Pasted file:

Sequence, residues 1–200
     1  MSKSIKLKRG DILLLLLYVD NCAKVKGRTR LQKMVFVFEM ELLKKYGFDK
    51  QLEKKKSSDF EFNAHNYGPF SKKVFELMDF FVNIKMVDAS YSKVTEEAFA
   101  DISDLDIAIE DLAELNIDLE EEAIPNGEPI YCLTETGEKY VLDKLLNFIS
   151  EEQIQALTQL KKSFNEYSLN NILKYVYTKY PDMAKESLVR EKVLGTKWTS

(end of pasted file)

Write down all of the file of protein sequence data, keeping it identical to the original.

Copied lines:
Sequence, residues 1–200
     1  MSKSIKLKRG DILLLLLYVD NCAKVKGRTR LQKMVFVFEM ELLKKYGFDK
    51  QLEKKKSSDF EFNAHNYGPF SKKVFELMDF FVNIKMVDAS YSKVTEEAFA
   101  DISDLDIAIE DLAELNIDLE EEAIPNGEPI YCLTETGEKY VLDKLLNFIS
   151  EEQIQALTQL KKSFNEYSLN NILKYVYTKY PDMAKESLVR EKVLGTKWTS